A new NEI VFQ-25C has reported valuable changes to enable comparison of patient-reported outcome measures.

A research team based at the Wilmer Eye Institute, Johns Hopkins University School of Medicine, have reported a new NEI VFQ-25C aimed at calibrating a number of items in the National Eye Institute Visual Function Questionnaire-25.  The researchers aimed to improve the well-known NEI VFQ-25 due to some instrument-specific and scoring methodology flaws, including multidimensionality in the scoring – e.g., inclusion of conceptually distinct visual function [VF] and socioemotional [SE] constructs.  This revised patient reported outcome measure questionnaire expects to enable the estimation of measures on an invariant scale and comparisons between patients and across studies.


The current study collected datasets of baseline NEI VFQ-25 responses from nine studies  – seven (7) retina randomized trials (n = 2770) and two (2) low vision studies (n = 572) – ranging in age from 19 to 103 years, and with a mean (SD) age of 69.3 (11) years and a mean logMAR visual acuity of 0.30 (Snellen 20/40).  The psychometric model, based on Rasch analysis, reported the paper on the item measure estimates with a high precision (standard error range, 0.026–0.085 logit), and person measure estimates had lower precision (standard error range, 0.108–0.499 logit).  The research team commented that the “applied modern psychometric techniques to calibrate items in a modified version of the NEI VFQ-25 called the NEI VFQ-25C and resolved the problem of multidimensionality by providing domain-specific versions: NEI VFQ-VF and NEI VFQ-SE”.  As demonstrated in their paper (Transl Vis Sci Technol. 2022;11(5):10), the logit scale summarised of the NEI VFQ-25C shows the “more positive item measures (items to the right) require greater visual ability, whereas more negative item measures require less visual ability”, on the left:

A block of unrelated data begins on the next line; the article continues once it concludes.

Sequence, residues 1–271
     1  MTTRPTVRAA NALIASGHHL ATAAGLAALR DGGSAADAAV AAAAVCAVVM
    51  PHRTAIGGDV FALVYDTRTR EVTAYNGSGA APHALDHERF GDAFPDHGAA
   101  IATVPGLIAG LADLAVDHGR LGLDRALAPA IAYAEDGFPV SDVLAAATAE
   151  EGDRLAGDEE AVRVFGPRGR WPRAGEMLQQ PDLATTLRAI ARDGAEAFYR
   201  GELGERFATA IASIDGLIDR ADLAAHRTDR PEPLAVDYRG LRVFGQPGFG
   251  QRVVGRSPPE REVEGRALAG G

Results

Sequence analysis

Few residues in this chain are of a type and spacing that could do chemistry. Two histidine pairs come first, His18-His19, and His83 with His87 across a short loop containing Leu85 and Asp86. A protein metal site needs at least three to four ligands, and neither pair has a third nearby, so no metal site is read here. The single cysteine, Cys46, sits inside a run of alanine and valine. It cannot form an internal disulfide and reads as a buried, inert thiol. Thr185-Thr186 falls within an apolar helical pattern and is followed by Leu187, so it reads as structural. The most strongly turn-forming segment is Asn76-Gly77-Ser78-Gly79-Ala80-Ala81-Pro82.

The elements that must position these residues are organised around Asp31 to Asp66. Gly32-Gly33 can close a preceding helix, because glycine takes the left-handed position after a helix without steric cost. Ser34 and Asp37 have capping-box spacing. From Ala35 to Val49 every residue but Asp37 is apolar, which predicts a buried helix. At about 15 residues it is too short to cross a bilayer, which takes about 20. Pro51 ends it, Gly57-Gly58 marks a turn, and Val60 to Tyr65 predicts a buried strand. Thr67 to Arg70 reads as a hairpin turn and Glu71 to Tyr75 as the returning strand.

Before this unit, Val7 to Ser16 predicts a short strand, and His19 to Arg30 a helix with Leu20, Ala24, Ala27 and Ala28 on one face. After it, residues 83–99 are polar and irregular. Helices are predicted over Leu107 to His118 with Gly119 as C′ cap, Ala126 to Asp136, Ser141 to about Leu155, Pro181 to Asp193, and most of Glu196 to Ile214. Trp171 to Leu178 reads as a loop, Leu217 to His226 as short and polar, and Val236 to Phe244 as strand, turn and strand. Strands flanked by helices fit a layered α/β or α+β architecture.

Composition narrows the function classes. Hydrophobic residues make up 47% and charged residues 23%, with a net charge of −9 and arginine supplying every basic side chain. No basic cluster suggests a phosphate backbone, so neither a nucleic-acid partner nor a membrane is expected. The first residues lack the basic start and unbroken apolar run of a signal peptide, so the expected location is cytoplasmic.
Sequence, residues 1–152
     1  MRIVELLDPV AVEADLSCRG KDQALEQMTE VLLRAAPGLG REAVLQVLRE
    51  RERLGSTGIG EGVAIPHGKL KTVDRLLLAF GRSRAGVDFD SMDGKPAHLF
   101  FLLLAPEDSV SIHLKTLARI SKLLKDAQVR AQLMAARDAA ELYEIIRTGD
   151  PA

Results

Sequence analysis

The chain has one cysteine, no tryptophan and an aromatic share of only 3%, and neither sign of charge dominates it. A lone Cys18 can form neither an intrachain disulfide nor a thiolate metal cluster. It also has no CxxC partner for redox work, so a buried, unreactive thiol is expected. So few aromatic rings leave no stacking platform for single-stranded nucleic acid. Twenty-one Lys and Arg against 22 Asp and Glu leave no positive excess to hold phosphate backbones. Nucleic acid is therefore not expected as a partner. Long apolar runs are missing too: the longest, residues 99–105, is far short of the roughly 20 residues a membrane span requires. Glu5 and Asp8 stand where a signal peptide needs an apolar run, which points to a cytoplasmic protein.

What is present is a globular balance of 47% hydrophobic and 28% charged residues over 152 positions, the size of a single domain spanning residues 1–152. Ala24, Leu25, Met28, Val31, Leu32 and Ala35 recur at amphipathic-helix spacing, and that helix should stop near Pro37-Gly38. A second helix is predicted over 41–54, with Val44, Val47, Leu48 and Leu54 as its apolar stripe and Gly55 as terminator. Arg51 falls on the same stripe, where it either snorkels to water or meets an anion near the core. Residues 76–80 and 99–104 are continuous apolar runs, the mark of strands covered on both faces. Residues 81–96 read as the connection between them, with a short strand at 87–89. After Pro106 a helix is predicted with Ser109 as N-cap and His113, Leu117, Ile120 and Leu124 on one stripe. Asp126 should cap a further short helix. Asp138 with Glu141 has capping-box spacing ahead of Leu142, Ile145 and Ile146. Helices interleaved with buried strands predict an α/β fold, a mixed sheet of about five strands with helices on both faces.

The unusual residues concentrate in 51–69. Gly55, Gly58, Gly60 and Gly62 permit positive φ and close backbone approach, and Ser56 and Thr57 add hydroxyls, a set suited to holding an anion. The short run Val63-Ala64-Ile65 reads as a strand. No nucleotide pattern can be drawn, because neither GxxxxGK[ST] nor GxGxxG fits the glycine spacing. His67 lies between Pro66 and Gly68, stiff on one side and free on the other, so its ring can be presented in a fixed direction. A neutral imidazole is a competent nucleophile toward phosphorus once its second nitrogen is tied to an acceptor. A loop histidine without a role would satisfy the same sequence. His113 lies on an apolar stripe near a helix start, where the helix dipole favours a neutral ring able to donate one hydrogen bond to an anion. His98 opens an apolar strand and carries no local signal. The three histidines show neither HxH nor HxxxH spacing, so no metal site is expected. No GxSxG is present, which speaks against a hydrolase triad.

In conclusion, the researchers commented that: “[t]he calibrations using Rasch analysis provided for the NEI VFQ-25 enable estimation of visual function (NEI VFQ-VF), socioemotional function (NEI VFQ-SE), and function combining both VF and SE domains (NEI VFQ-25C) for individual patients on an invariant scale. This recommended approach rectifies known problems with composite scores, subscale scores, missing data, and multidimensionality with the NEI VFQ-25”.